What journalists should know when reporting on conspiracy theories
By Andy Hirschfeld
HOTPEN – Some of the most prominent and harmful conspiracy theories today are rooted in political discourse. From President Jair Bolsonaro in Brazil to reporting on conspiracy theories Justice Clarence Thomas in the U.S., people in positions of power globally are either conspiracy theorists themselves or amplify unfounded theories to further an agenda — a proven-successful tool in the rise of populism.
As much as journalists may want to ignore conspiracy theories and the figures behind them, it would be irresponsible to do so. It is similarly irresponsible, however, to platform and legitimize perspectives that are verifiably false.
For journalists, this is the double-edged sword. How do we accurately and responsibly cover false beliefs that powerful leaders are using to inform their decisions and actions?
Empathy, not normalization
To understand the full context of a story in the news gathering process, it is important to listen — even when the views being discussed are harmful. It can be challenging to approach a discussion with someone who believes a conspiracy theory, many of which are rooted in hateful ideologies and have led to violence.
Dr. Whitney Phillips, a professor of journalism at the University of Oregon and author of the book You Are Here: A Field Guide for Navigating Polarized Speech, Conspiracy Theories, and Our Polluted Media Landscape advised that reporters not brush aside people’s beliefs in conspiracy. “People are serious in how they relate to these beliefs,” she said. “Keeping that in mind, it is important because it then forces you to ask questions like: how is it that this information has traveled? Why is it that this information is so compelling? How did it become a coherent way of understanding the world to particular groups of people?”
Hate is a learned behavior, often fueled by a distortion of real vulnerabilities like economic insecurity. It is vital that journalists reporting on conspiracy theories understand these underlying fears.
At the same time, they should not simply accept a person’s views, blindly. Reporters must conduct research to find the evidence that refutes false theories, and reference them in their writing.
Manipulated vs. the manipulator
When writing a story about the effects of misinformation and conspiracy theories, it’s important to distinguish between the manipulator and the manipulated parties. The manipulated deserve empathy, the manipulator does not. Often, the people who believe the conspiracy have been exposed to false information over a long period of time.
For example, the 2021 attack on the U.S. Capitol in Washington, D.C. was a result of far right radicalization. Ashli Babbitt, an Air Force veteran who was shot and killed during the attempted coup, was fed misinformation and conspiracy theories in the social media echo chamber.
Issues like this don’t start with ordinary citizens like Babbitt. Instead, people in positions of power use their platforms to push misinformation, intentionally or otherwise. They can exploit vulnerabilities in their audience to spread false narratives and incite people to violence. Radicalization in this case stemmed from elected leaders like the former President, and members of Congress. Extremist groups like The Oath Keepers — a group itself built off the exploitation of these vulnerabilities — perpetuated the radicalization.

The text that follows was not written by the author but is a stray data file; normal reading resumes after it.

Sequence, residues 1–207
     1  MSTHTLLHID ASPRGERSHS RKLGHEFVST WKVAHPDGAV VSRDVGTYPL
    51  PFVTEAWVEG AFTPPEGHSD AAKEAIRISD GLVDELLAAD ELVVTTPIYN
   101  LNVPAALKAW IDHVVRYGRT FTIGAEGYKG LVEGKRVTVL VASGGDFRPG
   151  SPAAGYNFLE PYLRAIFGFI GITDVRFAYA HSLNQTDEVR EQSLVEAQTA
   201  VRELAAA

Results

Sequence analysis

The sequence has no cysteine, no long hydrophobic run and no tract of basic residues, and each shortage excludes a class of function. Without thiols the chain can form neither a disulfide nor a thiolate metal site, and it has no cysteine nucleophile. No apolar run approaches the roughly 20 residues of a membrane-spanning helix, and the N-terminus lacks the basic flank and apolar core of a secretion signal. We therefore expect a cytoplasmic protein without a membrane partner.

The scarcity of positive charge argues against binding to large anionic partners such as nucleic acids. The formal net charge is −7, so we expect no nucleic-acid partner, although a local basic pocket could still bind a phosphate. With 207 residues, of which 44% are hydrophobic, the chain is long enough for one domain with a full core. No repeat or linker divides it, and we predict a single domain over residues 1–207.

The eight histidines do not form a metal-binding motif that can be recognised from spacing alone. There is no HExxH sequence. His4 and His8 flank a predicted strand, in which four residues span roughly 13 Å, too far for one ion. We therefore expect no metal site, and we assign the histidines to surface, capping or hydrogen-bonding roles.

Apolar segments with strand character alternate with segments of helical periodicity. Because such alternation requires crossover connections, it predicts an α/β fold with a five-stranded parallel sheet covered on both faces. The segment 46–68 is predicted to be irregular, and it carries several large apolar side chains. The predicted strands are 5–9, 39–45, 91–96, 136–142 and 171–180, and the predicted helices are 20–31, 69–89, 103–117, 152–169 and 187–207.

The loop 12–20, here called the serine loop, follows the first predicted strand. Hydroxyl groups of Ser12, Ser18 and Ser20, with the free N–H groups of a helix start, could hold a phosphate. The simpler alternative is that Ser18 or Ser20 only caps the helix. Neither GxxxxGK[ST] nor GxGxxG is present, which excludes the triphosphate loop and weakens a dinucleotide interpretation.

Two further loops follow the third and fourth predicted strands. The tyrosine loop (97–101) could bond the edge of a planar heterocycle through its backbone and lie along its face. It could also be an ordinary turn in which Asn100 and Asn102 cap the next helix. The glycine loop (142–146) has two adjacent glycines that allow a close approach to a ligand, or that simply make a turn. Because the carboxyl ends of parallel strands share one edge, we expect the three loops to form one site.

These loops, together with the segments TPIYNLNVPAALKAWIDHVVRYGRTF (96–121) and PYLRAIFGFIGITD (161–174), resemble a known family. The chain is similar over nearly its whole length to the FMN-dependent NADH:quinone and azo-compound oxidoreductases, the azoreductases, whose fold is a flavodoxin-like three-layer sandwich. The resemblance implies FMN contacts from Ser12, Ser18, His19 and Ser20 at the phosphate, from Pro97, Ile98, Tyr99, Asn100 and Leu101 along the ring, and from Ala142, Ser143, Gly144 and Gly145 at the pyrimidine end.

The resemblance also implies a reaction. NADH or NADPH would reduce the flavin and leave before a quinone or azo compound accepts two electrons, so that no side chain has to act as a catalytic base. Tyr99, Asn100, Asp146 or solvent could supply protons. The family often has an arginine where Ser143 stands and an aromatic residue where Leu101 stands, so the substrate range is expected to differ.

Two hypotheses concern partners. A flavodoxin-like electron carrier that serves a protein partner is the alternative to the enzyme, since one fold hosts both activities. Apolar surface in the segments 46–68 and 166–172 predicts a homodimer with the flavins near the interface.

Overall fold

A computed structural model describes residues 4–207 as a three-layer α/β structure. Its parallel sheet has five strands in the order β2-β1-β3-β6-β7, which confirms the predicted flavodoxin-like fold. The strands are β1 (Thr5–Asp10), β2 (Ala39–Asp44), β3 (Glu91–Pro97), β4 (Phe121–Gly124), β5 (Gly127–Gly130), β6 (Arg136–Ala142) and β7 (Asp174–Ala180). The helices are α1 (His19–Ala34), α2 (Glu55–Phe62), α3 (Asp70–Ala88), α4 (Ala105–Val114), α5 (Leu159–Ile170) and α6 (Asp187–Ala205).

Jason Van Tatenhove, the former national spokesman for The Oath Keepers pointed this out during one of the recent hearings about the Jan. 6 insurrection. “It [The Oath Keepers’ tactics] includes the swaying of people who may not know better through lies and rhetoric and propaganda,” he said.
As journalists, we must ask who people spreading false information are trying to appeal to and why. This helps to identify where dangerous conspiracy theories rise from.
“There’s no one-size-fits-all answer. It’s case by case. It’s person by person. It’s conspiracy theory by conspiracy theory,” said Phillips. “It just requires a lot of reflection to figure out what is in the public interest here, and what could actually be a threat to the public interest.”
News gathering vs. platforming
Focusing too much on the leaders perpetuating misinformation and conspiracy theories in news is part of the problem, said Dr. Anita Varma, assistant professor of media ethics at the University of Texas – Austin School of Journalism and Media and one of the authors of Fake News: Understanding Media and Misinformation in the Digital Age. Journalists should instead center their reporting on the people negatively impacted by these leaders’ decisions, and those manipulated into believing the conspiracies.
“We need to stop centering stories with world leaders who are making baseless claims or distorted claims, and instead place people who are affected — who are living the issue — at the top,” said Varma.
Russia’s role in the misinformation pandemic is a perfect example of why platforming leaders who weaponize conspiracies is so dangerous. President Vladimir Putin has utilized false information to try to undermine elections in more than two dozen countries across the globe.
Talking to conspiracy theorists as part of the news gathering process is much different than platforming the idea. “You’re helping your reader understand, but you’re not just handing a microphone to the conspiracy theorists themselves. You’re contextualizing it,” Phillips said.
The sentiment is echoed by Varma, who added that journalists need to keep in mind, too, the reality of the news industry today.
“With limited time, limited resources, extreme time pressure to file stories, do not allow all of your time to be monopolized by this side of the discussion,” she said.